Tools for self assessment related to working in virtual teams
How do you select the team leader for an important project that is spread over several geographical locations? Or how do you evaluate your strengths and weaknesses as a leader of a virtual team so you can define your personal development effectively?
Go to the download part of my website to access a short self assessment and evaluation tool for team leaders.
Download Virtual Team Leader http://www.bazimmermann.com/english/downloads.php
You lead a culturally diverse team stretching across the globe? How well developed is the ability in the team to constructively use this diversity? In the download section of my website you will find a concise self assessment of the intercultural aspects of working in virtual teams.
Download Team Cultural Awareness
Even though important for every team, it is particularly vital for virtual teams to agree the norms of co-operation. Yet, there is no one-fits-all solution as each team, of course, is working in a different context. Go to the download section and you will fidn also a document with a list of 7 categories for which I'd strongly recommend to define those norms to achieve the most effective virtual team possible.
Download Team Norms
Subject: Social contacts via the Internet
Author: Clay Shirky
Published by: Penguin Books Ltd, London
Review: Jeff Beckham at http://www.jeffbeckham.com/
Humans are social animals. And in "Here Comes Everybody: The Power of Organizing Without Organizations", Clay Shirky shows how the widespread adoption of the internet has allowed us to become more social than ever.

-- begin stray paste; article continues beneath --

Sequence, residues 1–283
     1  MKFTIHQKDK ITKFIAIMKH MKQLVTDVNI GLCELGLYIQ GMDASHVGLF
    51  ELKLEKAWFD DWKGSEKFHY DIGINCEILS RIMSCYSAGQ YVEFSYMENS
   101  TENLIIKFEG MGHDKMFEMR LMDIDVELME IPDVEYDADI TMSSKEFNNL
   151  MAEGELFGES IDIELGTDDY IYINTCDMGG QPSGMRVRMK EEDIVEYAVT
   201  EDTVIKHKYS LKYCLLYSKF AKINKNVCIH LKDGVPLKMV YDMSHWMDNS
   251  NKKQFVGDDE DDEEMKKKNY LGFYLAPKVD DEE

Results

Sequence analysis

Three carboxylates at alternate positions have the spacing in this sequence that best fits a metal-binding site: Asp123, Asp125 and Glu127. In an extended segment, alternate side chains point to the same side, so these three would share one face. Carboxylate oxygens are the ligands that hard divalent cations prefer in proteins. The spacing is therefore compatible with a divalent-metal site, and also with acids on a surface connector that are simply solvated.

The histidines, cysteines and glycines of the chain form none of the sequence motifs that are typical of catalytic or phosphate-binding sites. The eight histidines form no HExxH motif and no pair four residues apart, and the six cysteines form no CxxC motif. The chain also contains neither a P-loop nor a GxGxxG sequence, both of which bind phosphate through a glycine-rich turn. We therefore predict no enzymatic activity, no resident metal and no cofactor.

And though the focus is on the online tools we use to find, meet, and talk with each other, you don’t need to know your Twitter from your Meetup to appreciate the insights that appear on nearly every page. Shirky’s clear writing brings newbies up to speed easily and shines new light on established tech topics. Those of us who grew up before the rise of the internet will easily recognize the barriers to sharing information (how can I let other people see this newspaper article?) and getting groups together (how can I find people who like to do what I do?) that have existed for as long as we can remember. But one by one, Shirky shows how those barriers have fallen, and how it’s easier now than ever to publish, organize, meet and take action.
One such example is taken from Austin, where in 2006, planes full of American Airlines passengers were left sitting on the runway for hours because of bad weather. One of those passengers, a real estate agent from California named Kate Hanni, used her comments on the Austin American-Statesman website to begin organizing her fellow passengers into a group that proposed an Airline Passengers’ Bill of Rights. Her simple comment — “Anyone from this flight please contact me” — was the spark to a movement that ended with lobbying Congress and with airlines feeling the pressure to adopt their own Passenger Bills of Rights. Prior to email and websites and online comments on news stories, those disgruntled passengers would only have shared a story and a warning for travellers. With those tools, they had a way to create awareness on a great scale and the possibility for new actions. “Here Comes Everybody” is filled with these type of examples, from strangers banding together to find a lost phone to the users of Digg taking collection action over the publishing of DVD unlock codes. Each story illustrates the social and technological factors at work today, and how the future of our groups will be impacted.
To order the book click on the link:
Premission to republished requested
6 levers to drastically improve the performance of your virtual team
Be management or project teams - working with virtual teams is common practice in R&D these days. This makes it the more important to be aware of the specific requirements and stumbling blocks one might face. Scientific studies as well as my own experiences in working with virtual teams highlight 3 challenges in particular: